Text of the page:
It's almost impossible to ensure that your fishing rod's tip-top stays invulnerable throughout your entire fishing expedition. Damages will occur, accidents will happen - especially while on the water. Thus, it becomes imperative that you learn how to replace the damaged one. It is an immensely vital knowledge to have when you are on a fishing trip or participating in a fishing tournament, trying to do the best you can with your favorite fishing rod. Here, in this article, we will see how to replace a fishing rod tip-top at home or on the water.
The first step to replacing your rod tip is to remove the defective one. Often, you do not lose the rod tip but frequently only lose the insert ring. However, removal is easy, and replacing the entire end is recommended.
You have two primary options that you can follow. First, you can try heating the area around the tip ring with a lighter. As soon as you hear the sound of the glue bubbling, you can pull it off with pliers or with a pair of heavy gloves. The best way, although, would be if you can hold the rod while heating and keep pulling at the same time. Doing this reduces the risk of damaging the resin bonding, crucial for the structural integrity of the rod. However, whatever you do, you should always choose safety first.
The other option is not preferred but proves helpful when you've damaged/ broken the rod's shaft or burnt it, removing the tip with heat. Take a fine-bladed saw to cut off the old end. Try to cut it off as close to the mounting tube as possible.
Once you have removed the old tip-top, ascertain its type. Tip-tops can be diverse and range from spinning and casting tops to fly and boat tops. You must make the right choice when choosing or ordering your replacement. Purchasing an assorted pack helps take the guesswork out of the equation. Here tip replacement kit that I bought.
The first thing to do to identify correctly is to clean it up and take the Measurement. Remove any old glue residue that may still be there with fine abrasive paper. If required, wipe it over with acetone.
The standard way to measure the bores of the mounting tubes is in steps of 0.1 mm, with a vernier caliper gauge or micrometer. You can also leverage number drills or wire gauges with conversion tables. However, the way to measure depends on what you have available to measure. If you have lost the entire tip-top, you can measure the ring size of the smallest guide.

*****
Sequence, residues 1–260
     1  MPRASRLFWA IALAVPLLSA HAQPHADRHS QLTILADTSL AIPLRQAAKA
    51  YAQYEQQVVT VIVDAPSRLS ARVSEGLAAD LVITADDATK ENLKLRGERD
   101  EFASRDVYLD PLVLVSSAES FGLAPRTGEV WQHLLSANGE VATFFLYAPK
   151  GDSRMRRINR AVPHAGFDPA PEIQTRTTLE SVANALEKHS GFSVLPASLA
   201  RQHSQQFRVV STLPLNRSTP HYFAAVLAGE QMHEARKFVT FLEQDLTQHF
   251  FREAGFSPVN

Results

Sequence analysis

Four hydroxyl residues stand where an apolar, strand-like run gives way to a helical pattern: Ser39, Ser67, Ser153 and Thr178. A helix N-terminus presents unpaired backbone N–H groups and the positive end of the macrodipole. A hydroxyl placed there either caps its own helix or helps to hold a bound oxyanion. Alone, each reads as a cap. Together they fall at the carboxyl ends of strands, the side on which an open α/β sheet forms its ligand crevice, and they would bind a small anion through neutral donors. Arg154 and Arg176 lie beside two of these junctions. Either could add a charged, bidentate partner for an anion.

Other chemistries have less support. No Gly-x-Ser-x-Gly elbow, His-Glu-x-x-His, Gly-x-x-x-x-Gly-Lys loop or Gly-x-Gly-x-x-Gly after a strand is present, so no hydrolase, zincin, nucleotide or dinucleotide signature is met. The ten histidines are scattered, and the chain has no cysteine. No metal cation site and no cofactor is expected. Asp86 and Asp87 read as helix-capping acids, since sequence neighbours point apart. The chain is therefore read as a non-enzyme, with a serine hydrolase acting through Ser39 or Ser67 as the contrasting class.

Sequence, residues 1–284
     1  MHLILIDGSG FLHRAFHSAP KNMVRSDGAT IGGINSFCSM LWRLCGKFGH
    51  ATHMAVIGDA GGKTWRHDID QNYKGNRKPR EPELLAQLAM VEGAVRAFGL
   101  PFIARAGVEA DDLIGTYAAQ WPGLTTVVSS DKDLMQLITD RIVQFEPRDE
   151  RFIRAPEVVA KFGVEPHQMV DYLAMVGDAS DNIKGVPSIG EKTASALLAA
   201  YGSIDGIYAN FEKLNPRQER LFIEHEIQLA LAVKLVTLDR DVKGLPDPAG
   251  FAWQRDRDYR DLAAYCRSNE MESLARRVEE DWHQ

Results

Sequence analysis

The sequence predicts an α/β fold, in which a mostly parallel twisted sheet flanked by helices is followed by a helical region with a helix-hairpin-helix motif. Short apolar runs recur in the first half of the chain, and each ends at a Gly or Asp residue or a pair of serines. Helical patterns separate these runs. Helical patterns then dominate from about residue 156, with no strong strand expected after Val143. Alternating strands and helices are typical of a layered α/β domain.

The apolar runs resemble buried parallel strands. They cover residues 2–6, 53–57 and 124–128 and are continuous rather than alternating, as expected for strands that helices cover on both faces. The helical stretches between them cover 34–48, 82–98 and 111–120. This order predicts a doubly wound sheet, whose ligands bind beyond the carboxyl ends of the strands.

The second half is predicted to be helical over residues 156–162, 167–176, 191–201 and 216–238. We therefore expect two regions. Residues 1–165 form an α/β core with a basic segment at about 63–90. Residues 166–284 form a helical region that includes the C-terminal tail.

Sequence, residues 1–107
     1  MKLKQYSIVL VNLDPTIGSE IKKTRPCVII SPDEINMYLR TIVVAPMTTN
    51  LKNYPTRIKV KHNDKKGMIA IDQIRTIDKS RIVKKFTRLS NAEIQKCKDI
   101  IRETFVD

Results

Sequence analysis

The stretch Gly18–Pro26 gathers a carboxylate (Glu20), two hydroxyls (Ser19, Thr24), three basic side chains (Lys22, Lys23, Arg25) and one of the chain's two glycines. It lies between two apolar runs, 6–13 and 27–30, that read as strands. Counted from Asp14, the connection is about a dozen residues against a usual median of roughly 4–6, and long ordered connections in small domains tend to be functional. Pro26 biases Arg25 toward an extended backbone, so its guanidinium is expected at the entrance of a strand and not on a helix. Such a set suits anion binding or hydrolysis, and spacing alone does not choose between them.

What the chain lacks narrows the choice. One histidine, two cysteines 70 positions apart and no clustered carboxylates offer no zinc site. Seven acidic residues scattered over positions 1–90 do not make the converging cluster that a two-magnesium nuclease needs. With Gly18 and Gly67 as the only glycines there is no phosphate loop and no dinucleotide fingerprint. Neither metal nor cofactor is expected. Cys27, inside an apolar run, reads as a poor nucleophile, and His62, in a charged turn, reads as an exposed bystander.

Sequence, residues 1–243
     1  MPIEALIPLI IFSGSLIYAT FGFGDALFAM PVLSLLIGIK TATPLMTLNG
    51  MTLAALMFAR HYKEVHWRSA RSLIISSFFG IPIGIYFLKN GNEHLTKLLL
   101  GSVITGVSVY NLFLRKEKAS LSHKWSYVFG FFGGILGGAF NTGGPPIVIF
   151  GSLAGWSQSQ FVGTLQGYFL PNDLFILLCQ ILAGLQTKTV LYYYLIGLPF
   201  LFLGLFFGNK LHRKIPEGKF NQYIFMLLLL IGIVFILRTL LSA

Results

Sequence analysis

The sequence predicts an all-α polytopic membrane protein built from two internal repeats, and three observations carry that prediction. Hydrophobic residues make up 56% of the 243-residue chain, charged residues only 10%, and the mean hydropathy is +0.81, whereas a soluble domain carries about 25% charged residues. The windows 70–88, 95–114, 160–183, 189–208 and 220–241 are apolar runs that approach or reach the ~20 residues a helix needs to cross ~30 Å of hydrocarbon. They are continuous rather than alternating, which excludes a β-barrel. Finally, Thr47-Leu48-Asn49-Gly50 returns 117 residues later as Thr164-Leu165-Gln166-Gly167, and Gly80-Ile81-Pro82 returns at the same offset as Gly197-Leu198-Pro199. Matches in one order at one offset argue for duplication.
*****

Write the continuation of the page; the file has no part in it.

Whether you find the correct tube size will depend on either the inner diameter of the tip-top tube or the outer diameter of the blank's tip. These measurements often appear obscure as they are measured through a fraction. To often add to the confusion, the fraction is in inches instead of millimeters.
The crucial thing to remember here is that when you purchase a new tip-top, it shows the numerator over 64ths of an inch. So, tube sizes that range from 3.5 to 12 range from 3.5/64ths of an inch to 12/64ths of an inch.
Once you have chosen the correct alternative, open your new tip top and take out the adhesive. Next, light up the flames with a lighter, take it over the end of the tip-top and whisk the flame until you see it visibly melting on edge.
Once it has started melting, smear the melted end on a surface. Allow it a couple of seconds to cool and roll it up off the surface. Continue to roll until it becomes like a cylinder that would fit inside the tube of your new tip top.
Once you've stuck it right into the tip-top, light the flame again and waft it underneath the tube of the tip-top. Ensure that you do not just keep holding the flame on the tip-top. It will result in scorch marks.
The adhesive will start to melt again, and you will have to now quickly move on to the next step, which is taking the tip-top and twisting it down onto the rod tip. Ensure the end runs into the tube of the tip-top. Any space or gap will result in another failure. The adhesive will start to cure. Twist the tip-top to align it with your running guides before it hardens. Once you have managed to achieve the correct alignment, allow the adhesive to cure for a minute or two. You are now all set to get back to fishing.
Here is a simple video on how to replace your rod tip:
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